All who sign up to Wizzley will receive a 50/50 share of the revenue on their articles. Half of the time, your work will display your own advertisements. The other half belong to Wizzley. As you write more, you get a higher percentage within that cycle. The highest is 60/40 to the writer.
The Wizzley team have opted to show Adsense during their 40-50% revenue time. If you are using Chitika, a disparity is immediately obvious.
While your adverts are showing, there are just two blocks of them. One is at the top, under the main headings; and one is at the bottom, before the comments section.
While the Wizzley adverts are showing, there are more than double the number of ad blocks. In addition to filling the areas where your Chitika ones were placed, there are three more. An image advert is displayed below your profile section, while a small list unit is in the center of the right-hand column. At the foot of the same column is another image advertizement.
In short, Wizzley (and any writers who choose Adsense) have twice as many opportunities to monetize articles, as you will with Chitika.
Try not to take this personally. ChefKeem and the team, along with Chitika, are all doing their very best in difficult circumstances. Wizzley's technical staff cannot put more ad blocks in, because the alternatives do not exist. They could insert something similar to what's already there, but that would look very repetitive and, frankly, rubbish.
So moving one layer out, we look at the advert provider and wonder why they don't have more varying blocks to offer. The reason is that the company is doing what it can to survive in a monopolized industry.
No-one is going to choose a lesser known brand over the fore-runner, especially when that is as familiar and ubiquitous as Google. Therefore, Chitika has made its name by signing up people willing to diversify. That is to run both providers, side by side, on the same website. Just like Wizzley has, in fact.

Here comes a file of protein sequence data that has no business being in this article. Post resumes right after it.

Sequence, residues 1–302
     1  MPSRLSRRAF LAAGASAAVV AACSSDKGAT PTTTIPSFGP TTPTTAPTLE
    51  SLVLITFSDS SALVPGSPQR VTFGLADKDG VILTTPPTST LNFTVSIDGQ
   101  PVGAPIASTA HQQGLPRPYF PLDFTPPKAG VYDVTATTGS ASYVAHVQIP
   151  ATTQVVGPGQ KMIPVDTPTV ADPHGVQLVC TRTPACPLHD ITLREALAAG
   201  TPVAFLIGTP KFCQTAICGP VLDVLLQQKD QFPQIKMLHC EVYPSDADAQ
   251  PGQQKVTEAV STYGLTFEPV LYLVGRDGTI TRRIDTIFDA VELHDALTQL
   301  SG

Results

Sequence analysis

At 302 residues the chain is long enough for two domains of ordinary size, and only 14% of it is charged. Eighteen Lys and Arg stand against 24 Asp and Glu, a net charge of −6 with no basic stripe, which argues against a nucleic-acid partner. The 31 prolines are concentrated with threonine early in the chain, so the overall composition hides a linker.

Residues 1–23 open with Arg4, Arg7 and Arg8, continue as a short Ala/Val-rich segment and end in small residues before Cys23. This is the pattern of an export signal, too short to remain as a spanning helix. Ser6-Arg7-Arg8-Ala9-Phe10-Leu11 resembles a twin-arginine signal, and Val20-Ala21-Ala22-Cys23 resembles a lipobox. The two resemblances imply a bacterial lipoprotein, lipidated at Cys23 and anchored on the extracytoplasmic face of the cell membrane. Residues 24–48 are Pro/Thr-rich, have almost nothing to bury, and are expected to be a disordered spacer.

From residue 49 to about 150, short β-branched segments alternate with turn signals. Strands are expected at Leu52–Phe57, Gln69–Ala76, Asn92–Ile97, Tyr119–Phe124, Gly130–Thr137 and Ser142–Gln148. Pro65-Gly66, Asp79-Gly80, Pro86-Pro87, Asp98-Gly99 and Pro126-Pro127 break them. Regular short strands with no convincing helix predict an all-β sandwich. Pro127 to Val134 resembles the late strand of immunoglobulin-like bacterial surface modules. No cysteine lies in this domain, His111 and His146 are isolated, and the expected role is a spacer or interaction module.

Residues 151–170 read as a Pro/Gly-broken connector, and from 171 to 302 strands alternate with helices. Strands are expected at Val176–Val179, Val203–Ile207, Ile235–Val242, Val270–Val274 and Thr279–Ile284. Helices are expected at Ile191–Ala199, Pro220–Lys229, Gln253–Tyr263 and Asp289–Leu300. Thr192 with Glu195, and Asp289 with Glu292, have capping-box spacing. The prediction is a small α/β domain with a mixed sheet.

Google hates this and it has the dominance to stamp out the practice with policy. In 2005, when Chitika was an up-and-coming ad supplier, Google inserted, into their Adsense Terms and Conditions, this notice:
Competitive Ads and Services
We do not permit Google ads or search boxes accessing Google search services to be published on web pages that also contain what could be considered competing ads or services. This would include ads that mimic Google ads or otherwise appear to be associated with Google on your site. If you have elected to receive content-based Google ads, this would also include all other content-targeted ads. If you have elected to receive Google search services, this would include other search services on the same site and non-Google query-targeted ads. We do allow affiliate or limited-text links.
It instantly forced website owners into an either/or situation, which Adsense was bound to win. Many competitors went out of business. That policy has since been relaxed slightly, but the current one still reads 'publishers may not display Google ads or search boxes on websites that also contain other ads or services formatted to use the same layout and colors as the Google ads or search boxes on that site.'
Chitika was one of the few which managed to get around it. Their designers created adverts which didn't mimic Adsense in any way, shape or form. But given the vast array of formats available via Google, this is extremely limiting.
Following that through from the start: service users (me and you) have allowed an internet monopoly by an ad provider. That corporation has used its dominance to attempt to stamp out the opposition. The chief survivor has exploited a TOS loophole to keep going. That loophole restricts the blocks it can offer; and Wizzley has published all that it can from the stock.
This is why Chitika publishers here have fewer adverts on display around their articles.